“Where,” not “do you?”

Please note that the disciples do not ask if Jesus wants to celebrate the Passover; they ask where. There is no question in their minds that Jesus, being Jewish and a pious man, would want to do this. There are lessons in that for us.

  • It is another example of the true character of Christ. He is eternal; He is faithful. You can count on His character every time.
  • It also carries, yet unknown to the Apostles, another example of the eternal nature of Christ: He will fulfill what the prophecies say about Him.

Count on Christ; He never changes.

A certain man

Luke tells us that they will recognize the man by the fact that he will be the first one they meet who happens to be carrying a 60 pound water jug. In a city crowded with pilgrims, this is an act of providence. Christ needed the upper room; by God’s providence the disciples found it.

But there is another lesson here. The man carrying that jug is a slave, one of the lowest members of society. It is a lesson to us: even the least can serve.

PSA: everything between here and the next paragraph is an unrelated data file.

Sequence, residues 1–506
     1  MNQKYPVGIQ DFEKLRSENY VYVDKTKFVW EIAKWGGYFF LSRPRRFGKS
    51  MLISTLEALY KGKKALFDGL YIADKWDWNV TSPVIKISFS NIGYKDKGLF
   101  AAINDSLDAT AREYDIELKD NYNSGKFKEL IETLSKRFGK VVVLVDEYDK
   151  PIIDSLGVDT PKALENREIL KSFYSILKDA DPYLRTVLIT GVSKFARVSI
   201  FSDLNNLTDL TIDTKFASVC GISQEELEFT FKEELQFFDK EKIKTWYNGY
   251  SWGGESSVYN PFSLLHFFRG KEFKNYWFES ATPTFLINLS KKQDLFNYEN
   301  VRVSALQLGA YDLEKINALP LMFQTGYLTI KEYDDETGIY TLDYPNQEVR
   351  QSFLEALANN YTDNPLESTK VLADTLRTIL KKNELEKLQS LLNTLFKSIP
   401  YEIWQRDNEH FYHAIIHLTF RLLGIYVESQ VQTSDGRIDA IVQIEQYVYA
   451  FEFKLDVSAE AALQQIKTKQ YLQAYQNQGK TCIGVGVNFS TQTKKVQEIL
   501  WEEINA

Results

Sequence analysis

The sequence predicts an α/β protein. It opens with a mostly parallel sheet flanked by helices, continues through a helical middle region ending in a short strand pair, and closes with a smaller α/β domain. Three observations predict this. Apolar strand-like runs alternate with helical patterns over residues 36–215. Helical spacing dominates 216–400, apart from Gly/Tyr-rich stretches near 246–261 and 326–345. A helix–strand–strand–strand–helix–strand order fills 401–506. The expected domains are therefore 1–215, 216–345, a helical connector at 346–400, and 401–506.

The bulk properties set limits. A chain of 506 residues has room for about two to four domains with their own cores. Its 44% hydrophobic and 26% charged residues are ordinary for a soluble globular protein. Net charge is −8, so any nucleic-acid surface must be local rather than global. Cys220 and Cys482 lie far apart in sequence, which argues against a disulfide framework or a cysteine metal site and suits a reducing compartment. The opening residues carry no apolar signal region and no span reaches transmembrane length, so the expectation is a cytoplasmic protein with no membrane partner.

The Betrayer

Mat 26:20-25 NASB Now when evening came, Jesus was reclining at the table with the twelve disciples. (21) As they were eating, He said, "Truly I say to you that one of you will betray Me." (22) Being deeply grieved, they each one began to say to Him, "Surely not I, Lord?" (23) And He answered, "He who dipped his hand with Me in the bowl is the one who will betray Me. (24) "The Son of Man is to go, just as it is written of Him; but woe to that man by whom the Son of Man is betrayed! It would have been good for that man if he had not been born." (25) And Judas, who was betraying Him, said, "Surely it is not I, Rabbi?" Jesus *said to him, "You have said it yourself."

Comfort